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Useful Links: Travelling Two: Hungary
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Useful Links: Travelling Two: Italy
Crazy Italian Drivers?
Our route through Italy meant negotiating many mountain ranges, often with steep north-south running valleys. Deviations onto quiet roads are more tranquil and scenic, but add alot of extra kilometers and hard-work. So, feeling lazy, we decided to brave the busier roads and the much hyped crazy Italian traffic.
Were there people driving manically like Roberto Begini playing the cab driver in Night on Earth? Yes. Were their hands often far from the steering wheel as if their conversation would collapse without being propelled by an elaborate waving of their arms? Of course. Were the people driving solo any better? No, they were on their mobile phones. But despite all this, we had few problems (1 close call apiece) on the open road, because cyclists are as much a part of the everyday traffic as the mopeds ripping up the middle line at any opportunity.
The Land of a Thousand Tunnels
What we weren’t ready for in Italy was all the tunnels: sometimes short, sometimes pillared and open on one side, and sometimes absolutely freaking terrifying. We found Michelin maps to be very loose with their marking of tunnels, and we often found ourselves happening upon them unexpectedly.
The worst of the lot was a 2km doozey in Umbria, carved through a mountain heading to Norcia. We realized our mistake as soon as we entered, but by then it was too dangerous to turn back. Between the deep, rhythmic thumping of the gigantic fans, the barely visible potholes, the lack of shoulder, the steady stream of traffic in both directions, the blinding headlights coming towards, and the thundering roar of the semi-trucks gaining on us, you can imagine fear was pulsing through our veins. Our pathetic red, flashing tail-lights and safety vest seemed horribly inadequate, gobbled up in the darkness. Be warned: If you are cycling in the Italian mountains invest in strong headlights and reflective vests.
The Five Lands: Walking (NOT cycling) the Cinque Terra
The Cinque Terra (translating from Italian to five lands) are five towns on the western coast of Italy that have historically survived by cultivating orchards and vineyards on the steep cliffs of the Mediterranean. Nowadays, tourism is the big cash crop, and people flock from all over the world to walk from town to town along the romantic seaside trails.
The trails are narrow, steep and very busy with many stone steps taking you onto the cliffs high above the sea. Definitely best seen on foot, not bicycle. (We left our bicycles locked at a campground and returned by train after the walk).
The day we walked, it was stiflingly hot, and an exuberant multi-lingual Italian farmer sat in a shack on his citrus farm making a killing selling fresh lemonade. The big dog Jack took every chance to dip in streams along the way and we indulged in the best ever gelato (dark chocolate with red chilies, rich and creamy with a bolt of fire), pesto pizzas, and rosemary and olive foccacias. Monterosso and Vernazza are amazing villages, and the lovers walk outside of Riomaggiore is very romantic.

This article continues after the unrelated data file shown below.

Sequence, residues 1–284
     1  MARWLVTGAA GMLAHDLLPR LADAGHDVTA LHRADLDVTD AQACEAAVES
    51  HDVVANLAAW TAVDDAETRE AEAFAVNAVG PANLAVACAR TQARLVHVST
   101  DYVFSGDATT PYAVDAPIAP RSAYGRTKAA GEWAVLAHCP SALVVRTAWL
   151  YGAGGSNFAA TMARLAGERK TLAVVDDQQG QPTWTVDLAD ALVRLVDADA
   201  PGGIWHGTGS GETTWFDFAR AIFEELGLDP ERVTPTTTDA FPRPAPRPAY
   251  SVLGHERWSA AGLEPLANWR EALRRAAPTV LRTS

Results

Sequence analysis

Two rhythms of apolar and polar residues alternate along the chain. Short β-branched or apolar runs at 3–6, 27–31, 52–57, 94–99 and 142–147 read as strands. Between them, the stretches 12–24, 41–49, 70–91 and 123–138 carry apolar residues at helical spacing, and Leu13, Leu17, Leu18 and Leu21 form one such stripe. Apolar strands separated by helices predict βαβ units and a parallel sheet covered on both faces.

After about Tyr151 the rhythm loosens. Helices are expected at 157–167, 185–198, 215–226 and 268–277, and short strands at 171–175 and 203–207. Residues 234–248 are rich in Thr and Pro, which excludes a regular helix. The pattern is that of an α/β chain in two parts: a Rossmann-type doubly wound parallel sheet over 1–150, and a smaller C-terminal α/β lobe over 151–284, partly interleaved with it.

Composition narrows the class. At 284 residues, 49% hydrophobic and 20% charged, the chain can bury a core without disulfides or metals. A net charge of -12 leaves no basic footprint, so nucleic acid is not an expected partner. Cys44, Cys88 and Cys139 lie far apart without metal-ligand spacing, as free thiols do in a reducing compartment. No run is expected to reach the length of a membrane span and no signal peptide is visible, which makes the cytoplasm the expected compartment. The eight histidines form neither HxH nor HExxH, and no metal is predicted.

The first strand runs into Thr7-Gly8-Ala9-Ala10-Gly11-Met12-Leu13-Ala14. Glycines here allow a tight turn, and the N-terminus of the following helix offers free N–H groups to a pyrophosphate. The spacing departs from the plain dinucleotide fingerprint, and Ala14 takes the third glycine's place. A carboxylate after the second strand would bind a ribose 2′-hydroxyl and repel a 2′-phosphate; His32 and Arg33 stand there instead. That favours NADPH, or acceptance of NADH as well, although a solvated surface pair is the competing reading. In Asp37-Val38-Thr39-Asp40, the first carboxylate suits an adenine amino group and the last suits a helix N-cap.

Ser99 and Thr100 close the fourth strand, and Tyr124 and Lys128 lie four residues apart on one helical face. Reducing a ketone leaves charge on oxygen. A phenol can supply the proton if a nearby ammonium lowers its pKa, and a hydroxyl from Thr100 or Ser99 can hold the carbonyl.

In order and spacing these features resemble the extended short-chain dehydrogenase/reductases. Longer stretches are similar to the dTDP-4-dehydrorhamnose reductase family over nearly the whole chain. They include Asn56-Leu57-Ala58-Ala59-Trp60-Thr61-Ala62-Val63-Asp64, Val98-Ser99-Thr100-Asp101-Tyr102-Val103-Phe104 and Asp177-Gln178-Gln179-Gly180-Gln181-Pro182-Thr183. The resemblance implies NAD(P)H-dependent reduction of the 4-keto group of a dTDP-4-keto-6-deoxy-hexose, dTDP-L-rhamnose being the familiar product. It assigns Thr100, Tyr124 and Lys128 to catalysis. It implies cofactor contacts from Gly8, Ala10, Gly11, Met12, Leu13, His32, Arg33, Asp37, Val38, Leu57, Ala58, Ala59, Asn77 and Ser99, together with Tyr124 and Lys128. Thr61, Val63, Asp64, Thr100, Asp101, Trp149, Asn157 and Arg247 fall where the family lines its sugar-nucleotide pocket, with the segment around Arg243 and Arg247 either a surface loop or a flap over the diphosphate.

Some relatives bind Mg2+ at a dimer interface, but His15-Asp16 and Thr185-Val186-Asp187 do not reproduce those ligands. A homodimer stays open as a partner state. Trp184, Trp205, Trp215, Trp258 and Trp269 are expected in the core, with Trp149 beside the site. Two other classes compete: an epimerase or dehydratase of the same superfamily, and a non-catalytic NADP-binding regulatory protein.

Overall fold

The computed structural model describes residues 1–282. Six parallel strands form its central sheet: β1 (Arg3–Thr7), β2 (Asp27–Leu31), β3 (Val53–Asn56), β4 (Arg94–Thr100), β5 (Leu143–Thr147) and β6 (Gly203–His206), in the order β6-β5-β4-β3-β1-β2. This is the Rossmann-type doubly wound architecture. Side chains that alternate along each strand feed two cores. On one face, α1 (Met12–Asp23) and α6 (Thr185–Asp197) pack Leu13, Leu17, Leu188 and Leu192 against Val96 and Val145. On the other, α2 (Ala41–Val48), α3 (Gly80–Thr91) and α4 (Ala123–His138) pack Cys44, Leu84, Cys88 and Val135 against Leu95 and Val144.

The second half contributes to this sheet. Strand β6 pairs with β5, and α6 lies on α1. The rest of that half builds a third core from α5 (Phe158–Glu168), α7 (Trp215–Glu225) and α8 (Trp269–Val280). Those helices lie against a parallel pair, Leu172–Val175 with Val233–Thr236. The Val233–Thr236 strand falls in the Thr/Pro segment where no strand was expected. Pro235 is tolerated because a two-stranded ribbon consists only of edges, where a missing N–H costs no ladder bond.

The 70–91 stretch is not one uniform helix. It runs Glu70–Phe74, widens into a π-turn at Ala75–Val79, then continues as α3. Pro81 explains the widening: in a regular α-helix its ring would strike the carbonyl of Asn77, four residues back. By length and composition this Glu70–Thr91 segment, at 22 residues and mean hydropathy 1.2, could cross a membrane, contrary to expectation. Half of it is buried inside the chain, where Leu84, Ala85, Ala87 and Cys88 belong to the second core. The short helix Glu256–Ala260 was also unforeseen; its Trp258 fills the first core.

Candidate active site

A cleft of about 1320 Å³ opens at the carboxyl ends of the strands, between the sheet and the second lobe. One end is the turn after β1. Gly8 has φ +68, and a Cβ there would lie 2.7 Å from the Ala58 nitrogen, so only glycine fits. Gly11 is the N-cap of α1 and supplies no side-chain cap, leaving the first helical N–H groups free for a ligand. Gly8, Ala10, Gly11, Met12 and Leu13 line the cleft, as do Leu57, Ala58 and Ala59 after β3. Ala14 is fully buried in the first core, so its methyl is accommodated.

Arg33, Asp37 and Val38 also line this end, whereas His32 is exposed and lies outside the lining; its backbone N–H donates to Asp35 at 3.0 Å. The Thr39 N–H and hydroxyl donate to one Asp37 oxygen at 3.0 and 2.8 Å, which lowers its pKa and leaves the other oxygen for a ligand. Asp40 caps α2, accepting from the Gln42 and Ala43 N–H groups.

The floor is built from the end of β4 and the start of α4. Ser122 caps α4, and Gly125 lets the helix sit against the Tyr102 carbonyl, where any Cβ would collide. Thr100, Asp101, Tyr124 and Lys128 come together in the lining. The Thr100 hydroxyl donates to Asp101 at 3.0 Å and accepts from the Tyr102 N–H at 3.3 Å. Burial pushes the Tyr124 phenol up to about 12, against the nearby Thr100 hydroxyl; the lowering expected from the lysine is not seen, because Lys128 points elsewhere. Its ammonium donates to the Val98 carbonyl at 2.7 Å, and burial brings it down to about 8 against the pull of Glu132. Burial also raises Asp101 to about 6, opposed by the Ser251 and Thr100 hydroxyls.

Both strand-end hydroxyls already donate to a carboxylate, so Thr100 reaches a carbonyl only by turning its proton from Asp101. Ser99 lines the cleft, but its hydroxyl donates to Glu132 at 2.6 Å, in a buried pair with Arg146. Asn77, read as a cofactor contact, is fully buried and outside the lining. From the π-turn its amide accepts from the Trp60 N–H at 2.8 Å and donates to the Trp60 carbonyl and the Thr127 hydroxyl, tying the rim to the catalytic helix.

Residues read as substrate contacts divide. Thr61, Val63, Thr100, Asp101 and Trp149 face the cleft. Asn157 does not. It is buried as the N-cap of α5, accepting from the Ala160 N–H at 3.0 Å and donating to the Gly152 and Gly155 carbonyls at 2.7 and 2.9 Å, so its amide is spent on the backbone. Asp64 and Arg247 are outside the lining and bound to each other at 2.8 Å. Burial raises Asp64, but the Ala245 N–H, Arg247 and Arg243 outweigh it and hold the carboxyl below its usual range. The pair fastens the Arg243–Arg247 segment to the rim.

Venice, the City of Lust
We left the bikes in a carpark and took the ferry from Fusina to Venice. Having read The Passion by Jeanette Winterson which describes it so poetically, Fin was very excited to see it for the first time. We decided against even trying with a map, and headed into the maze-like cobbled streets and spent the rest of the day wandering over bridges, enjoying the mossy, seaweed covered steps, and filthy water of the canals, the crumbling buildings, and the grandiose churches. On the waterfront and thoroughfares African men tried to sell rip-off handbags laid out on sheets, ready to be scooped up for a quick escape, while couples roamed hand in hand, kissing on park benches, nibbling on ears, squeezing bums. We found a quiet pizzeria away from the hustle and bustle and ate while two sets of couples were involved in some extended foreplay. The couples sat side-by-side, the women straddling their men, who were deep throat kissing, and fondling freely. They seemed to be locked in a battle to out-do each other with more gratuitous displays of public affection. Occasionally they would stop to look if they were being outdone by the other couple and to take a photo for their new facebook profile picture. A wonderful world unto itself.
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Wild Camping Paradise
With around 5 million residents spread across the country, and so much undisturbed nature, wild camping in Norway is usually easy and spectacular. Furthermore it is “Every Man’s Right”, and besides on uncultivated lands, (and a few other little * appendages), camping wherever you want is customary law. Sleep in as long as you want. See if anybody cares. In fact roadside information centres with toilets and facilities can sometimes make it feel more civil than wild.